Cut Worms/Mercury Lounge/July 18, 2018
Max Clarke taught himself to play and write music at about age 12, shortly after his mother bought him a guitar for $5 in a garage sale in his home town of Cleveland, Ohio. Leaving behind a promising career in baseball, Clarke studied illustration while attending college in Chicago, but then drifted from that trajectory as well to exploring the potential of a career in music. Clarke adopted the nom de plume of Cut Worms from the line, “The cut worm forgives the plough,” in William Blake’s Proverbs of Hell. Clarke relocated in 2015 to Brooklyn, NY, and under the name Cut Worms released an EP in 2017 and a debut album, Hollow Ground, on May 4, 2018.
Performing as a four-piece ensemble at Mercury Lounge, Cut Worms performed a quirky, indie folk set that resonated with low-fi resilience. Clarke strummed an acoustic guitar, and his musicians provided bounce and roundness, but the songs remained rather stark and under-arranged. There was something charming about this simplicity as it accompanied Clarke’s affinity for evocative storytelling. Clarke’s vocal delivery was almost plainspoken, lacking emotional drive, and the weighty reverb in his microphone further distanced the potential romanticism of his poetic lyrics. These lyrics captured gravity and darkness, but the overall breezy and whimsical delivery seemingly masked an obscured shadow side. Not quite a tug of war, Cut Worms is deeper than it sounds.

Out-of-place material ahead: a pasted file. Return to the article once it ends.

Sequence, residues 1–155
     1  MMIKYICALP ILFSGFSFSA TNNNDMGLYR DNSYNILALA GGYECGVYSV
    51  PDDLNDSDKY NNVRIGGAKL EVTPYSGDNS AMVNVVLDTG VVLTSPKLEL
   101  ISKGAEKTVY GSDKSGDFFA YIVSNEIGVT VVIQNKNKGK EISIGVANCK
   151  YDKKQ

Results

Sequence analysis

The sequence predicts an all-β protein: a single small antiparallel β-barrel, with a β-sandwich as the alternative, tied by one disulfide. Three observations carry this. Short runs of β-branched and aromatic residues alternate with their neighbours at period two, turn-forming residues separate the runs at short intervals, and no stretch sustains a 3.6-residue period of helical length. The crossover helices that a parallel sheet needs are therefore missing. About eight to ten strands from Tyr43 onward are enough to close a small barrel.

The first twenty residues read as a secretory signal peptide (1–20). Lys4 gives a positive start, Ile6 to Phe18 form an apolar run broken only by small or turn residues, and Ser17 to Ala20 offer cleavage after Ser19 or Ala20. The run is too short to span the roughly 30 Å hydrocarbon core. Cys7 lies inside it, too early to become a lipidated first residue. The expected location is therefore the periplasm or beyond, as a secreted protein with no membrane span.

Beck/Madison Square Garden/July 19, 2018
Beck Hansen (born Bek Campbell, known professionally as Beck) began life in a rooming house near downtown Los Angeles. Beck obtained his first guitar at 16 and became a Los Angeles-area street musician. At age 17, Beck spent hours in his room trying to emulate country-blues finger picking techniques. By age 18, Beck was playing acoustic blues and folk music in coffeehouses and briefly explored the anti-folk movement in New York City before returning to Los Angeles in 1991. His initial hit, “Loser,” looked like it would make Beck a novelty one-hit wonder in 1994, but Beck sustained a string of hits and won five Grammy Awards. His 13th studio album, Colors, was released on Oct. 13, 2017.